by Ruby Arsenault, Employment Coach/Facilitator with the Tignish Employment Resources (ER) Centre
Mark Gaudet is a third-generation farmer who grows potatoes and raises dairy cattle at his family-owned and operated farm located on the Western Road just outside Tignish.
Now he also grows and supplies hops to local breweries and has found another unique way to use his product.
After completing university and graduating with a Bachelor of Science and a major in biology, he had a strong passion for agriculture, and it was no surprise when he moved back home to the farm. Mark quickly jumped into learning more, growing the farm and finding ways to diversify.
In 2018, after much research and support from other growers, he started Prince Edward Hop Farms with 20 perennial hop plants. The hops were harvested and sold to a few local Island breweries producing Island beer, including Moth Lane Brewery in Tyne Valley.
“I learned by trial and error that growing hops for retail requires a lot of work and attention,” says Mark. “They grow on 18-foot trellises. Because mine are a native species, they are susceptible to various diseases and insects.
“Today, my hop farm has grown into a one-acre property. Thankfully I have the support of some amazing friends and family members who assist me with the fall harvest and drying process.
“I was very fortunate to have harvested before last fall’s hurricane, and the beer Moth Lane Brewery made with my hops was called Fiona’s Furry. To have my produce as part of an Island beer is very rewarding.”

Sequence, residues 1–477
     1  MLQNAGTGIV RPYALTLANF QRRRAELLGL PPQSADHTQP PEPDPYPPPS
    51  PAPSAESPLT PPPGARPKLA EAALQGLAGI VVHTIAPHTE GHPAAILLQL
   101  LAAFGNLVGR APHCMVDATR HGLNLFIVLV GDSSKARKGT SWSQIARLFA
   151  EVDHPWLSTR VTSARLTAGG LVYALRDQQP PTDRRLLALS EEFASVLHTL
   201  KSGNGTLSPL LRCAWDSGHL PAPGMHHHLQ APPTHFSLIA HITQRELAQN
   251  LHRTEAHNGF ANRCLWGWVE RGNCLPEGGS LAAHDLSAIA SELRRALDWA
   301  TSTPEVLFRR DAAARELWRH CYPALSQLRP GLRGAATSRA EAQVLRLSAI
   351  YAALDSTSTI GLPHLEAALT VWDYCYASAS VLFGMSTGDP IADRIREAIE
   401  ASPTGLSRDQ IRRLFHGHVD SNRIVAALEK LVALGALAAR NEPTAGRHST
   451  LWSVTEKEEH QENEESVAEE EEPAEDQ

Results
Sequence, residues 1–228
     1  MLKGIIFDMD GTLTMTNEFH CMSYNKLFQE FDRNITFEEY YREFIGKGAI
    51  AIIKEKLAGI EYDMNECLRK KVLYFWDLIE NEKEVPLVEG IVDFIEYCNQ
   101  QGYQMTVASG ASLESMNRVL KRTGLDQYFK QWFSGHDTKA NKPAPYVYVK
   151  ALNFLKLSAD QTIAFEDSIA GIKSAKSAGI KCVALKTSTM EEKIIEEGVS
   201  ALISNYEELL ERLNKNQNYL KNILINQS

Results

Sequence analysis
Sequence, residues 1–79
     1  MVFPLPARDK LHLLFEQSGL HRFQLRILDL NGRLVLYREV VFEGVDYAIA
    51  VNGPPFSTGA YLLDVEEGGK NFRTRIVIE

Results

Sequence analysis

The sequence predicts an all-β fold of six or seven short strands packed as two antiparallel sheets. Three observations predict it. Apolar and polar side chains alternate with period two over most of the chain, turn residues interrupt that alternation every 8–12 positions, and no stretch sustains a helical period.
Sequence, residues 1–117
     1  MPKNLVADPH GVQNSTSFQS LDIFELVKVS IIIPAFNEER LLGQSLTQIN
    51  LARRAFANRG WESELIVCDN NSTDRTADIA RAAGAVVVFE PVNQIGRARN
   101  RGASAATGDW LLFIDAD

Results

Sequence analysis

What are hops used for?
Hops are used primarily as a bittering, flavoring, and stability agent in beer, and depending on the hops variety, add floral, fruity, or citrus flavors and aromas. Hops also act as a preservative and were originally included in beer to make it last longer.
A new way to use hops
“After last year’s season, I had extra crop and began to think about other ways to use the hops for income,” says Mark. “So, I started a line of soaps.
“After a family member shared a soap recipe with me, I started the process of mixing the natural essential oils from the hops with olive oil, and then added lye and various scents to create my unique hop-infused soaps.
“Our soaps contain zero harsh chemicals, loads of hop essential oils, and there are many scents. The soap is made with natural organic ingredients.”
To gauge consumer interest in his soaps, Mark created special packages for holidays such as Christmas and Valentines Day, and the items sold out fast. “I was very pleased so I contacted SkillsPEI to access their Self Employ PEI program which allows me to draw EI for up to a year while I work to grow the soap business.”
Self Employ PEI is an employment benefit program developed to help unemployed Islanders who want to launch their own businesses. The program provides financial support and business counselling to new entrepreneurs during their first year of operation.
“I am an Islander and I want to focus on my Island-made products across PEI,” says Mark.
“I have increased the size the bars to 148 grams, and all soaps meet Health Canada guidelines.
“Some satisfied customers have commented about how refreshing their skin feels using the hop infused soap bars after swimming in pools or the ocean or after a hard day’s work outdoors, and how both children and adults with skin issues have no reactions.
“My wife and I love to use these products on our baby,” says Mark. “And as a farmer who works long days outdoors, I very much enjoy the feeling of being refreshed after using this soap in the shower.”
FOR MORE INFORMATION
contact Mark Gaudet at 902-237-6407.
Drop in on location at 42091 Western Road, Tignish PEI.
Search Prince Edward Hop Farms on Facebook.